Earl Food Stamps

Related Story

JEFFERSON CITY - KOMU 8 attempted on Wednesday to get the Missouri Department of Social Services (DSS) to provide details on the data the department gave about out-of-state spending on food stamps. Late Wednesday, the department provided a written response, outlining some possible explanations for out-of-state spending, including military families on food stamps stationed outside the state. Other than that explanation, DSS defered other comments to the federal government.

DSS said it closed 3,000 cases of fraud across "a variety of programs" last year.

Still, $46 million of the federally allotted food stamp money for Missouri residents ended up spent out of state -- including more than $40,000 in Hawaii.

DSS still would not offer an on-camera interview Wednesday.

On Tuesday, KOMU sent this inquiry to DSS Communications Director Seth Bundy: "Can we set up an interview tomorrow? It would be great to talk about how the department looks at, identifies, and deals with fraud. I think it would be great to show the taxpayers how much work goes into safeguarding money set aside for families on assistance. Sound like something we could arrange?"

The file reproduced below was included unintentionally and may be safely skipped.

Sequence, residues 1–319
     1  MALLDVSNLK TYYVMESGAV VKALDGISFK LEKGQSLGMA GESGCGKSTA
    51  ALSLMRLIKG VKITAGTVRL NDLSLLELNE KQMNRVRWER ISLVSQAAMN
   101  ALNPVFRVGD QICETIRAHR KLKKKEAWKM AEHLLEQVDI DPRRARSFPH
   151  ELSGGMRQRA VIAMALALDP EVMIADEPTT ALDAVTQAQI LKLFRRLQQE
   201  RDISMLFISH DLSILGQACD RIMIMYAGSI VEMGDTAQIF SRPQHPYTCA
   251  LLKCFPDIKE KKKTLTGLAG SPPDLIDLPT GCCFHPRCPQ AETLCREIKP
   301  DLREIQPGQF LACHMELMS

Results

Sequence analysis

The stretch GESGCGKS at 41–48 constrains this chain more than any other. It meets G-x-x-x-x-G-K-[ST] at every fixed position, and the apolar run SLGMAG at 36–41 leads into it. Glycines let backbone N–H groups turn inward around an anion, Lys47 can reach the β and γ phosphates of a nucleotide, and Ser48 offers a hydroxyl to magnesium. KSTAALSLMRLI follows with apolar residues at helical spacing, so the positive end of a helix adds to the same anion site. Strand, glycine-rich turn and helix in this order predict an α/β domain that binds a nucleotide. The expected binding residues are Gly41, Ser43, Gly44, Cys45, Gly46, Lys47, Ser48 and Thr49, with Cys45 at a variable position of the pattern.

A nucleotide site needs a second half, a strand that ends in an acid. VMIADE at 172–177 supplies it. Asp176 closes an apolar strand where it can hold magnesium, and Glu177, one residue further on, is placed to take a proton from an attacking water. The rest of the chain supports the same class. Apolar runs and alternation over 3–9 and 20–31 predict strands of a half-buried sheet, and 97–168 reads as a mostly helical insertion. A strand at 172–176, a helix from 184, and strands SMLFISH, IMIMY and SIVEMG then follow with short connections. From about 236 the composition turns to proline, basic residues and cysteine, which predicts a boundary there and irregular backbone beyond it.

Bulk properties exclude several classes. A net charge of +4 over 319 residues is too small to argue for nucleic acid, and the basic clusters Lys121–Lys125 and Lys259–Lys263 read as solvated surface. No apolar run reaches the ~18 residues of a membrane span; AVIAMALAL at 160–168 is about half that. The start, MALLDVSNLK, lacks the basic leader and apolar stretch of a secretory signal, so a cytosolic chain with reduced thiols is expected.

KOMU inquired with Bundy after the initial story on out-of-state food stamp spending reached more than 2000 views and had many Missouri taxpayers asking questions on social media how the money was spent.

"I think the folks over at the Department of Social Services, especially in the Program Integrity Unit know about the details of the data," said Rep. Tom Flanigan, R-Carthage, chair of the committee charged with appropriating money to DSS.

Bundy's response: "Caught your piece last night. I think I'll pass on the interview. Thanks."

On Wednesday, the Senate Committee on Governmental Accountability held a hearing on SB 474, proposed by Sen. Will Kraus, R-Jackson County, which would require DSS to ask the federal government for permission to place photo identification on Missouri EBT (food stamp) cards. Senator Kraus said the final product would mirror the photo ID found on some bank debit cards.

Some democratic lawmakers worry the measure would cost the state more money.